April 2017 \ Arts & Entertainment \ MIND AND BODY
The Stigma of Mental Illness

Stigma is when someone views you in a negative way because you have a distinguishing characteristic or personal trait that is thought to be,

By Dr Walid Sarhan F.R.C. Psych

Mental health stigma can be divided into two distinct types: social stigma as characterized by prejudicial attitudes and discriminating behavior directed towards individuals with mental health problems because of the psychiatric label, they have been given. In contrast, perceived stigma or self-stigma is the internalizing by the mental health sufferer of their perceptions of discrimination. Perceived stigma can significantly affect feelings of shame and lead to poorer treatment outcomes. The effect of this stigma on the patient from inside and outside could be seen clinically as bigger than the psychiatric disorder. 

An example: when a man kills several children in a school anywhere in the world,  the news spreads around and the comments immediately focus on the possibility of this man being mentally disturbed , even if the man is not yet captured by the police.  Such media activity stops next day but leave the image worldwide that a mentally disturbed man will kill your children any time at their school. Many of our patients also get terrified that they may not do the same thing. This adds to their suffering in addition to the way people look at them as potential murderers.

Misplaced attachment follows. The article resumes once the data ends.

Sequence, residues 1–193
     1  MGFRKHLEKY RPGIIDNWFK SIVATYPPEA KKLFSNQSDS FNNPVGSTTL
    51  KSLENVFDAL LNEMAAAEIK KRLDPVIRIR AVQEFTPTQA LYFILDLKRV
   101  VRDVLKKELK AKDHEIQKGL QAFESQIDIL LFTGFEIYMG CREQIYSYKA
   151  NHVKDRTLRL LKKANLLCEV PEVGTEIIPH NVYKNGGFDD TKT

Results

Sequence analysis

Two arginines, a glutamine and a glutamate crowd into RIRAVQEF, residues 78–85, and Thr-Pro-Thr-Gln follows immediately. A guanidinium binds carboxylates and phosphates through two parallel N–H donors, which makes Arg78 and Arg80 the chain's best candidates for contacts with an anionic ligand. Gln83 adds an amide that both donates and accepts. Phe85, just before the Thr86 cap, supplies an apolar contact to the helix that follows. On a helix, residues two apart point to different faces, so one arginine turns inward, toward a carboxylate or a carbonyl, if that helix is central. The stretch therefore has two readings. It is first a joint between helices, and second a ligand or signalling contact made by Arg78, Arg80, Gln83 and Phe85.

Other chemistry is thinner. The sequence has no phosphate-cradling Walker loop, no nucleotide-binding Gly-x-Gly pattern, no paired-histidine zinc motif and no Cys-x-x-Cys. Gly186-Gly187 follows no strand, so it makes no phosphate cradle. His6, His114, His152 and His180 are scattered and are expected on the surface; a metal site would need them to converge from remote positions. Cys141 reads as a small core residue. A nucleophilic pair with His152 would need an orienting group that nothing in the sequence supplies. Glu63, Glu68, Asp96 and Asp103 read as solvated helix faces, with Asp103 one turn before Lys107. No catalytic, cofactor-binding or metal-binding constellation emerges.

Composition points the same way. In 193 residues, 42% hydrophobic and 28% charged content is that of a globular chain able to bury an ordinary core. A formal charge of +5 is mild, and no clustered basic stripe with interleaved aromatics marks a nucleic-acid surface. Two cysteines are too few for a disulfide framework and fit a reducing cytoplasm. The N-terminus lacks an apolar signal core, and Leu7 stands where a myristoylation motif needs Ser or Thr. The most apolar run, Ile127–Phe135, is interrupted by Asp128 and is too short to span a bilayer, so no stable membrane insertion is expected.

How could we fight stigma? Is it possible that people will change their views about the subject of psychiatry? The answer is simple: Yes. We can start by ourselves and improve our knowledge and awareness.  When we know what is schizophrenia, depression, anxiety, bipolar affective disorder and obsessive-compulsive disorder, the fear from those patients becomes less. Humanity dictates that human beings should help other human beings when they suffer for whatever reason, especially in case of illness whether cancer, depression or diabetes. This should be supported by the media whether classical or social. Sometimes the media worsen the stigma by the way they present psychiatric disorders in news stories, TV series, movies and comments in the social media.